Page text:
While the Torah implores us to pursue tzedek, telling us to chase after it (תרדף), over these past several months I have found myself running from it.  Allow me to explain. Every year SAR High School has an educational theme which guides our educational programming - the schoolwide Shabbaton, Macabee (Color War), and several theme programs interspersed throughout the year - and this year’s theme is tzedek.  Toward the end of our last school year and throughout the summer I, along with the rest of the administration, have been working with our educational programming team to plot out this year’s course of action.  From the very beginning, it became abundantly clear that this year’s theme would require more careful navigation than last year’s theme of tikkun hamidot, character refinement.  For the tikkun hamiddot theme we were anchored by Rabbi Yisrael Salanter’s 13 admirable character traits.  Students learned about the different middot through experiential and educational programming including a Martin Luther King Jr. Day program and the popular “middah moments” where students emailed in examples of their peers displaying exemplary middot; this was capped off by Rabbi Harcsztark’s weekly announcement of the “middah moment of the week”, which was so popular and impactful on school culture that it will continue and become a permanent fixture of pre-Shabbat announcements.

But tzedek is different.  It is most commonly translated into English as social justice and when we speak about social justice it is difficult to avoid becoming entangled in partisanship.  One option would be to avoid the topic altogether - why get involved in something so fraught with disagreement that has the potential to be alienating? I think this would be the wrong course of action; tzedek is not a partisan ideology that one chooses to ascribe to based on political ideology - it is a Torah value, which God implores us to carry out.  Social justice might also be an inaccurate definition of tzedek.  Consider, for example Dyonna Ginsburg’s definition of tzedek as she put it in her Orthodox Forum paper, in which she defines tzedek along with tzedakkah, chesed and tikun olam.  She writes:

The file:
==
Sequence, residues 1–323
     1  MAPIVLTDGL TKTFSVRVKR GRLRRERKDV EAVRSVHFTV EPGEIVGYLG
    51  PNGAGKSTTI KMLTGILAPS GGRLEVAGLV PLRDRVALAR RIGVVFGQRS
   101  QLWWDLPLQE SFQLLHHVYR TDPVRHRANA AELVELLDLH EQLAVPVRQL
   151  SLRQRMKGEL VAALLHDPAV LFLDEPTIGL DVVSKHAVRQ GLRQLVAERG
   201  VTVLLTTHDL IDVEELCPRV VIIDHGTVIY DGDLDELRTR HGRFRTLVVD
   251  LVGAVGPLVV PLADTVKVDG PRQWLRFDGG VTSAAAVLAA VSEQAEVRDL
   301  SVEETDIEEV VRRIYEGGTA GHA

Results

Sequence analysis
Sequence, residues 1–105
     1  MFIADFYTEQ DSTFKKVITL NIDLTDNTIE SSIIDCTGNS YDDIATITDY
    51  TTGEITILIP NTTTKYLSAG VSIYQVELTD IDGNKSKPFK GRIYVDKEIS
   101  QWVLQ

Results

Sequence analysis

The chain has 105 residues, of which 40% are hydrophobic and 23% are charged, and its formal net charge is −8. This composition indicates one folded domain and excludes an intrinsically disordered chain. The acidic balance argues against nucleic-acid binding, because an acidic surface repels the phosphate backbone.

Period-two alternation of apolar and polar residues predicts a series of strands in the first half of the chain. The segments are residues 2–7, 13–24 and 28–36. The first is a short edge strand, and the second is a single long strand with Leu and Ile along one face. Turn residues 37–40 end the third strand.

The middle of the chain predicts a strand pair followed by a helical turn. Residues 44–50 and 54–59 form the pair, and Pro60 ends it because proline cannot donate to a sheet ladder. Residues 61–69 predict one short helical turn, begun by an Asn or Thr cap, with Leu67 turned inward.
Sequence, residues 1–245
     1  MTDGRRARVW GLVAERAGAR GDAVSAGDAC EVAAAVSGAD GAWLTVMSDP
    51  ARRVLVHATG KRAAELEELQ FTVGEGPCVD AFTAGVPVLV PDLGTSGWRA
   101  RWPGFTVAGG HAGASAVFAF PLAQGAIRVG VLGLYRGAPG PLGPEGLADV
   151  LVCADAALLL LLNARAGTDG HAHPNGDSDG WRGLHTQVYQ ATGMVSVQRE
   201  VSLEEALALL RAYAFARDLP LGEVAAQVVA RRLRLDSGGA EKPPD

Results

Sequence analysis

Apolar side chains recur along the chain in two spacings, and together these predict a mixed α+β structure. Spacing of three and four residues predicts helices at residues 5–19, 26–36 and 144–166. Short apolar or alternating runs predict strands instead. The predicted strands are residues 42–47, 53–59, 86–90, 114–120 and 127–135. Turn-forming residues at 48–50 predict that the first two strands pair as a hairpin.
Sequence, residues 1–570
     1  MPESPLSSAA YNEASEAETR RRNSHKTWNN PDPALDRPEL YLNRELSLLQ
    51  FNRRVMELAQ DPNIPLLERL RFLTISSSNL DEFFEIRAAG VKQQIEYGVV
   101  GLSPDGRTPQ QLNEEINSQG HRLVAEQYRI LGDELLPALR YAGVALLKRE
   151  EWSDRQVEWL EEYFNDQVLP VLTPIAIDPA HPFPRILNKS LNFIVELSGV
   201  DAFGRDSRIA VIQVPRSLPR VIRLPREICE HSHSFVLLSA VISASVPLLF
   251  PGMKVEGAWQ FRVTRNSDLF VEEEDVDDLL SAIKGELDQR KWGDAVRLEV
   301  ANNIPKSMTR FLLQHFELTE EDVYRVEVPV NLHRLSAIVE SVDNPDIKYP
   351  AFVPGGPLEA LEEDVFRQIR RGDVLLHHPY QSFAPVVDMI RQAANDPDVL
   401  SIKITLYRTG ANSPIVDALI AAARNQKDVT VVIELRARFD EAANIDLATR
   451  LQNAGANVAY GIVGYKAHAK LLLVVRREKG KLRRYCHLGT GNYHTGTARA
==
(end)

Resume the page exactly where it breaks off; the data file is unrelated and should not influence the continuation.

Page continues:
While admittedly, in the classical sources, these terms contain a range of definitional possibilities, for our purposes they mean the following: (1) Chesed - individual acts of loving-kindness, (2) Tzedakah - individual and/or communal acts of philanthropy, (3) Tzedek - the pursuit of justice through systemic and structural reform.
Chesed, Tzedakah, and Tzedek describe three different means at our disposal to help people in need, whether they are Jews or non-Jews.  If we encounter a hungry person, whether or not he is Jewish, we can either choose to feed him (an act of chesed), give him money to buy food (tzedekah), or ask why he is hungry in the first place and lobby for governmental reform so that fewer people go hungry in the future (tzedek).

So how do you do this?  How do you teach a value that so many misconstrue as being partisan, in a way that is safe for everyone regardless of their political leanings?  How do we get past the mischaracterization that tzedek belongs to the so called “left?”  More basically, is tzedek something we should be focusing on in a Modern Orthodox high school? Shouldn’t we be focusing more on furthering students’ observance of and dedication to Torah and mitzvot?

This summer in reading to prepare for our theme, I came across two pieces that I found helpful in answering these questions.  The first comes from the Jewish German-American philosopher, Michael Wyschogrod, who explains why teaching tzedek is a necessity.  In the essay Wyschogrod rails against the notion that the essence of Judaism is its ethics (the essay can be found in a collection of essays edited by Rabbi Jacob J. Schacter in memory of Rabbi Dr. Leo Jung).  He writes,